I was born an atheist into a family of Catholics.
We are all born as atheists. We have no knowledge or inkling of abstract concepts such as gods. By the time I was old enough to think these thoughts, I had been taught to believe and I didn’t know any different. I was also taught to believe in Santa Claus, the Tooth Fairy and the Easter Bunny. Of course those beliefs were different because they weren’t real the way gods are real. Of course.
I was a pious kid. Well, except for that one time. I was at church with my mom and I was too young for Communion but not old enough to be left alone in the pew. So she took me up with her. While we got near the front of the line I supposedly decided I had the munchies and piped up, “I want chips!”
Mortified, my mom tried to shush me and told me, “It’s not chips, it’s Jesus.”
I rolled my eyes and said, “well Cheezies then!”
So I was a pious kid, apart from that.
I went to Catholic schools up until grade 12. Where I live the Catholic school board is funded by the government and is as big as the Public school board. These were still the kinds of places where I wrote in my grade 1 journal, “I am special because Jesus loves me.” It is difficult to judge the school — or my parents — based on religious extremism because none of it seemed extreme at the time, it was just normal.
I remember one incident at school when I was probably in Junior Kindergarten. For some reason the teacher was doing some sort of exercise going around the room to find out who everyone’s best friends were.
Manny would say Dennis was his best friend.
Dennis would say Manny was his best friend.
Leslie would say Manny was his best friend.
Manny would interject and say that Leslie was also his best friend.
And so on. I recognized the tit-for-tat social game the others were playing and didn’t particularly care for it. I was determined to stay true to myself and be honest when my turn came. And so I patiently waited until I was finally called upon.
“My best friend is Jesus!”
The teacher tried to object and explain to me that I may have missed the point of the exercise. I was adamant I had understood the exercise perfectly and was quite happy with my answer. I all but dared her to tell me I was wrong, that I didn’t love Jesus. Yeah.
Another time, I remember someone asking me what I wanted to be when I grew up. I remember saying I wanted to be an altar boy, a lector, a priest and then an usher. Somehow in my innocent little mind, that was the progression of religious service from pre-pubescent altar boys to the septuagenarians in suits taking up the collection plate.
By the end of Grade 3, I had at last become an altar boy and I was proud. Being an altar boy was fun and interesting and was ultimately a form of service. I always enjoyed the experience and continued to serve until the end of Grade 12. The priests I served for were all fantastic people and I still have the utmost respect for all of them. They had their personalities, of course, and different ways to relate to us. One of them organized floor hockey games while another lent me Vonnegut books. It is a shame it warrants mentioning but, like the vast majority of altar boys, nothing untoward ever happened.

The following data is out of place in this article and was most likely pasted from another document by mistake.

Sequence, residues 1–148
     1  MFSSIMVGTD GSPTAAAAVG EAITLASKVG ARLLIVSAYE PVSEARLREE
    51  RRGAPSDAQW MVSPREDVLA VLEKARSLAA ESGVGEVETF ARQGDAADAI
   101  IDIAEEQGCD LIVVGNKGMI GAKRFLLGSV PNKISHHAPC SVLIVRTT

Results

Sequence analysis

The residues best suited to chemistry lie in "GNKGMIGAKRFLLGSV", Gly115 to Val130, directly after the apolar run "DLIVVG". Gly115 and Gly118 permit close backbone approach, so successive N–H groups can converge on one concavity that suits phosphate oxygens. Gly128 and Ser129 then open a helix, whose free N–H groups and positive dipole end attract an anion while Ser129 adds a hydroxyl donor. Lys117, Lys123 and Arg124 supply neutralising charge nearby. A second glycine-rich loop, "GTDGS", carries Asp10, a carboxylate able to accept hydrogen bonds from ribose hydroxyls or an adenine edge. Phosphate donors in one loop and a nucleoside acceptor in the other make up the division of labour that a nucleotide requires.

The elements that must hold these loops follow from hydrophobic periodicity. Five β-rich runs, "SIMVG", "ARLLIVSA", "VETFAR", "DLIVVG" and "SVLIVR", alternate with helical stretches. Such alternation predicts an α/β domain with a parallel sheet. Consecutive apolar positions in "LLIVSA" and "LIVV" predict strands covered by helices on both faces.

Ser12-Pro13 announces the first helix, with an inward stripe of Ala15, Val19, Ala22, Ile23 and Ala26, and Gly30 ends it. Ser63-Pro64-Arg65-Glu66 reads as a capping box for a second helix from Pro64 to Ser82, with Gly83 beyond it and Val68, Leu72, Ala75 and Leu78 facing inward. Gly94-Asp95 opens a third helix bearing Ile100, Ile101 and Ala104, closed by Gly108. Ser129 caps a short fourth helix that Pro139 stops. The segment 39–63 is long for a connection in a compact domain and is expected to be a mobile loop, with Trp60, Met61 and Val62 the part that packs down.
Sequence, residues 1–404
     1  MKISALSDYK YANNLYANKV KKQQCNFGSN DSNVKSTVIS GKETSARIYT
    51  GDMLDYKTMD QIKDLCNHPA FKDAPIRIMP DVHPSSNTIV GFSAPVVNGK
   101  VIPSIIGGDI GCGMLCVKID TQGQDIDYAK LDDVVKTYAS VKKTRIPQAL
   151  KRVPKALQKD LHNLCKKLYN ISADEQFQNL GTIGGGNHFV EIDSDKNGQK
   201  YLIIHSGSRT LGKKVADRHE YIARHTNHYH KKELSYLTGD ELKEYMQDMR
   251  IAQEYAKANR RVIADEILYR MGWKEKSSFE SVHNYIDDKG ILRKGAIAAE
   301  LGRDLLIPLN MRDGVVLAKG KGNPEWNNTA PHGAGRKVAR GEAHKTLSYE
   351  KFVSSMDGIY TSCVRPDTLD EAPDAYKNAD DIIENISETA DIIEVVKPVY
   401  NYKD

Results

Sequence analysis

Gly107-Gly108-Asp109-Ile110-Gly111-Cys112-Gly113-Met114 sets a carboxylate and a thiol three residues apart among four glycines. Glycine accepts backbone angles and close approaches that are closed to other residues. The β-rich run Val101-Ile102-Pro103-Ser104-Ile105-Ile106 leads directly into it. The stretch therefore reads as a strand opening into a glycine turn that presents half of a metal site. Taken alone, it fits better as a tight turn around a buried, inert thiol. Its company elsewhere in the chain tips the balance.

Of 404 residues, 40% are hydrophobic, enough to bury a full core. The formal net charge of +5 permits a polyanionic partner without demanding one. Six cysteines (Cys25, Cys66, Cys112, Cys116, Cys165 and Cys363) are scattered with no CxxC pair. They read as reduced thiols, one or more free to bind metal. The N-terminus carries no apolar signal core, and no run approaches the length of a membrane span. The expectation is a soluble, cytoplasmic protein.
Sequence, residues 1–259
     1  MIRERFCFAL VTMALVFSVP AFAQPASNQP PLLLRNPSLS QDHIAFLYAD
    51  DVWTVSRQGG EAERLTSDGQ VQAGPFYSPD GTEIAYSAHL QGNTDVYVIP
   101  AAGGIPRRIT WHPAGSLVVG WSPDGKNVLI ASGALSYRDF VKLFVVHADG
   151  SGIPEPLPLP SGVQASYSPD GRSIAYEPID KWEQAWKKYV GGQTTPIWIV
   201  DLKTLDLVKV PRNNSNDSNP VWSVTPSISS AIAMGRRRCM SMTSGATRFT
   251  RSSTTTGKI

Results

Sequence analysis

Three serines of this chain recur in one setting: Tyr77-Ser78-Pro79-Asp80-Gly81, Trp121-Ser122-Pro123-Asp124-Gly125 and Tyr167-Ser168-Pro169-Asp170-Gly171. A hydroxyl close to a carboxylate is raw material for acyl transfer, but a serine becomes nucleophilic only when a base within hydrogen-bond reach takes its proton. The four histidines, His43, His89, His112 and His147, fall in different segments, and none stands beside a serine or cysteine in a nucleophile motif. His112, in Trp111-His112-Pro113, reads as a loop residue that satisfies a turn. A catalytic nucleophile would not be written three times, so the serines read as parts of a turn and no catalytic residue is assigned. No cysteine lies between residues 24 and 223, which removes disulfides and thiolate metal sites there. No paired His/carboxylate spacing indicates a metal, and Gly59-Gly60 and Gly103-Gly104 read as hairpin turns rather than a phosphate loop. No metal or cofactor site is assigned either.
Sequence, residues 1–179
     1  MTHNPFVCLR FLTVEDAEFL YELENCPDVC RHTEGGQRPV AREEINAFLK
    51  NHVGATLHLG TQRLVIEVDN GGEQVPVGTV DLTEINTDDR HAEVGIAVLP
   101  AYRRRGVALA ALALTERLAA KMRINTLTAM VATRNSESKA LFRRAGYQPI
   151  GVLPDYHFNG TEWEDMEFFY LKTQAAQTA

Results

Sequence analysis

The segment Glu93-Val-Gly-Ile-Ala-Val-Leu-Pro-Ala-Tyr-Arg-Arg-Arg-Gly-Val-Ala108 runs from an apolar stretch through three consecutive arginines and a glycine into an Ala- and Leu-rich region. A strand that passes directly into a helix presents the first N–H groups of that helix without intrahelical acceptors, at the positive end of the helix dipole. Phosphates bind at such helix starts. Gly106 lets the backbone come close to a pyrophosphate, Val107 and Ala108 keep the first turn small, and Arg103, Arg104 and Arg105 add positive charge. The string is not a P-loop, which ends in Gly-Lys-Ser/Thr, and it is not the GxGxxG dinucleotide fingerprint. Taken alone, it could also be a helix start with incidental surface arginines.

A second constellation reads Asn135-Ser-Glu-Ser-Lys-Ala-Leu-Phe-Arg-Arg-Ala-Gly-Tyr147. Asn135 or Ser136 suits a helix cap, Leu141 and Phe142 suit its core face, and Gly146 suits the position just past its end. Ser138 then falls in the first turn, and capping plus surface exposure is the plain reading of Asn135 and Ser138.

The last few years of elementary school were interesting for a number of reasons.
I don’t recall the exact year, but some time around then I had a vision of Jesus in my bedroom. I was lying in bed, probably reading a Hardy Boys book, when a blueish-white orb floated across the room about three feet off the ground. It was about the size of a softball and pulsated until coming to a rest at the foot of my bed. In a flash the orb ‘exploded’ into a fully formed, full-size image of Jesus made of blueish-white light. It was quite incredible. Jesus raised his arm and reached for me with an open palm as though he were calling to me. I felt special, very special.
(It was a few years later that I realize that it could not have been Jesus I saw. The man I saw was clearly Caucasian. Jesus was not. It was a hallucination. My mind was playing tricks on me. I wanted to see Jesus and I did, but I saw the kind of Jesus I wanted to believe in, one that was white like me as in many Western depictions of him.)
A major turning point happened at Bark Lake Leadership Camp in the summer after Grade 7. We were doing this silent meditation exercise where we all had to find our own spot somewhere in the forest to sit in silence for 15 minutes or so. I was determined to find somewhere really cool and I saw this big boulder at the edge of the lake. It was difficult to get at but was well worth it. It was truly serene beyond anything I’d experienced.